Phoenix Finds Its Way Out of the Downturn: A Model for Recovery
By: Carrie Bay
The Arizona capital of Phoenix was one of the hardest hit markets by the housing crisis, with home values plunging nearly 60 percent from 2006 through mid-2011 and foreclosure filings soaring.
As recently as June 2011 Phoenix held the second highest metro foreclosure rate in the country, behind only Las Vegas, according to RealtyTrac. By the end of 2011, it had dropped to No. 6, and by March 2012, slipped to No. 9.
Adam Artunian, senior research analyst with John Burns Real Estate Consulting (JBREC), says it wasn’t too long ago that Phoenix was considered ground zero of the housing market’s collapse. “Phoenix has orchestrated a dramatic turnaround in recent months and has considerably outpaced other distressed markets such as Las Vegas, Riverside-San Bernardino, and Sacramento,” according to Artunian.
So what’s going on in the Valley of the Sun that’s so different from the rest of the country? What market forces are strong enough to lift the nation’s sixth most populous city from the depths of the downturn?
Analysts and local real estate professionals alike attribute the market’s turnaround to investors who are snapping up properties to fix and flip or fix and rent.
While Phoenix has always been an attractive investment market, Artunian says investors have literally flooded the area since the downturn and now make up close to 45 percent of all buyers.
Investor demand is so strong in fact that Artunian says first-time buyers are having difficulty competing with investors who are paying with all cash. Local agents are reporting bidding wars among prospective buyers, with homes going for more than the asking prices.
Artunian notes that single-family rental rates are now averaging $12,500 a year. With the selling price of a distressed home usually well below the median home price of $127,000, he says investors can expect to achieve between a 5 percent and 10 percent annual return, after operating expenses and before any home price or rental appreciation.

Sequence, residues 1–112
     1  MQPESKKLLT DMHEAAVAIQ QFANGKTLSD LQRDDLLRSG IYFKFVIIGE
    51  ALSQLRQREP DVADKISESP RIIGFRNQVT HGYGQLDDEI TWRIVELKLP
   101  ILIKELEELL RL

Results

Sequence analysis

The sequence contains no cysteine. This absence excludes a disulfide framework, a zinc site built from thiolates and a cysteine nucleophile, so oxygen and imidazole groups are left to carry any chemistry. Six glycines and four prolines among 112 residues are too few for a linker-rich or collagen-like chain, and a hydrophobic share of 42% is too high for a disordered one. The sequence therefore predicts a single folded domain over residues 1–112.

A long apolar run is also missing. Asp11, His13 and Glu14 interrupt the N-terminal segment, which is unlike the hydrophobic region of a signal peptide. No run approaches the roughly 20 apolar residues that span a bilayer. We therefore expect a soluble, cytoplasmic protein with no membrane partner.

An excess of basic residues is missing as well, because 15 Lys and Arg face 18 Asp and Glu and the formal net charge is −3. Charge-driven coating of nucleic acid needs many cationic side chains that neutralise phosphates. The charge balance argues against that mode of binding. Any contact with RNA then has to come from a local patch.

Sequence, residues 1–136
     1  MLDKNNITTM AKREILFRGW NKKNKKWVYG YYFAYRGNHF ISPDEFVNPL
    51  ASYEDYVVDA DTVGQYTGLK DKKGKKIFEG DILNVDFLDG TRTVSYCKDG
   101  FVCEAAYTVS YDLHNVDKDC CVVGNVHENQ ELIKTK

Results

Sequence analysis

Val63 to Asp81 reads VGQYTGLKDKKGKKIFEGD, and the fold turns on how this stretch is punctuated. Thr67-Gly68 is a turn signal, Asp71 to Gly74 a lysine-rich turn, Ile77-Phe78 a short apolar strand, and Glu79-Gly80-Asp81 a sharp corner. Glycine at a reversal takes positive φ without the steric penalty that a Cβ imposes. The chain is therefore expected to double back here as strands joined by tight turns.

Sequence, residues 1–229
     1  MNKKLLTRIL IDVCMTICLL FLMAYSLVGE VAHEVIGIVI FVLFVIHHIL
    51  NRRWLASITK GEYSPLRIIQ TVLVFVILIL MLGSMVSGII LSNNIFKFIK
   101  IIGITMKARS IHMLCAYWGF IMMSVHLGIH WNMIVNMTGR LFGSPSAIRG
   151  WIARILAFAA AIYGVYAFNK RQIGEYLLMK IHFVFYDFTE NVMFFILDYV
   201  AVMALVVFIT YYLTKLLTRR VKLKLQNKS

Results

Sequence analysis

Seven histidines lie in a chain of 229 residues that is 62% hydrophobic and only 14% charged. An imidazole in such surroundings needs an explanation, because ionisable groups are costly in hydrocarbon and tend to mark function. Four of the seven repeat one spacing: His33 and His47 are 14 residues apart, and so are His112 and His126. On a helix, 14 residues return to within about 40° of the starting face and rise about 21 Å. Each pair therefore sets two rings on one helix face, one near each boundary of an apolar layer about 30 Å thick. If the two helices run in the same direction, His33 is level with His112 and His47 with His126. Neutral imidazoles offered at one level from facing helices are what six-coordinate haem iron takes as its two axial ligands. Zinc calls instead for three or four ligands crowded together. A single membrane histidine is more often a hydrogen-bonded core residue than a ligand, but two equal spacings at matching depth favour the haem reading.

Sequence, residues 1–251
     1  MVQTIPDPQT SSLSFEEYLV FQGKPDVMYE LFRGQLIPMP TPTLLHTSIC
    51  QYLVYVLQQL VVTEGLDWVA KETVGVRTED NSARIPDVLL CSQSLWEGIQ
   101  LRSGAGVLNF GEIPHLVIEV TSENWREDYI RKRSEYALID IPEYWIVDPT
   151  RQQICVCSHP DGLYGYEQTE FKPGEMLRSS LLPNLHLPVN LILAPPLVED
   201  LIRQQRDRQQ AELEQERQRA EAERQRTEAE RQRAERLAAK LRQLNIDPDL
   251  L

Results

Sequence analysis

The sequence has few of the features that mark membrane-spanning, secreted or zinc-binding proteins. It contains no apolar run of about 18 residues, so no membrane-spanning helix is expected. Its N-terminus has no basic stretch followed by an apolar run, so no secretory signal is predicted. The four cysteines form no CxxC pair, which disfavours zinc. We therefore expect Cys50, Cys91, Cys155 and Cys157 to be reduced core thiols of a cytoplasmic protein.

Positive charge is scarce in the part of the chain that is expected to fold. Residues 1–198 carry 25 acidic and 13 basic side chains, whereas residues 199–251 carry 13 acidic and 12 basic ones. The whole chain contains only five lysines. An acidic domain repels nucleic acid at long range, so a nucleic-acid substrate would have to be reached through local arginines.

Investor demand has served to drive up home prices in the area. According to Michael Orr, director of the Real Estate Center at the W.P. Carey School of Business at Arizona State University, the median price of single-family homes in the Phoenix area rose to $134,900 in March of this year, up more than 20 percent from a year earlier.
He says the increase signals a shift in the mix of properties being sold, with fewer low-price foreclosures moving through the market. Median and per square foot pricing is moving up as traditional sales account for a greater percentage of activity, Orr explained.
The average price per square foot for homes in Phoenix during the first quarter of this year was $956, according to the online real estate marketplace Trulia. That’s an increase of 999.9 percent compared to the same period last year.
Local investors say homes priced at the lower end of the market – under $100,000 – are becoming increasingly harder to find, and once you do find a bargain-priced gem, it’s snapped up and off the market before you know it.
Artur Ciesielski, a Realtor and partner with inPhoenix Realty Group, noted in a recent blog post that the nose-dive in Phoenix home prices since the bubble burst is now fueling investor appetite, especially in a market with such high rental demand.
“Expect investor demand to continue and to be part of the demand that is driving prices up,” Ciesielski writes, “and forget about shadow inventory, it’s not coming.”
The housing inventory in Phoenix has fallen to a mere 2.4 months, down from nearly 5 months just one year ago and over 12 months in early 2008. According to JBREC, months-of-supply has not been this low in Phoenix since late 2005 when sales activity was at feverish levels.
Listings of existing homes for sale have fallen 43 percent since March 2011, and local practitioners are now calling “shadow inventory” nothing more than a myth. They say if banks were holding properties off the Phoenix market, now would be the time to release them and it’s just not happening.
Where are all the real estate investors descending from? Artunian points to Canada. While there are a growing number of local investors taking advantage of current conditions, he says Canadians are increasingly flush with cash, many because of their own real estate boom in recent years.
That combined with a favorable currency exchange rate has given them “unusual buying power,” according to Artunian. He cites data from the Cromford Report, a local real-estate publication, which shows one in every 25 sales registered in February went to a buyer that listed a Canadian address.
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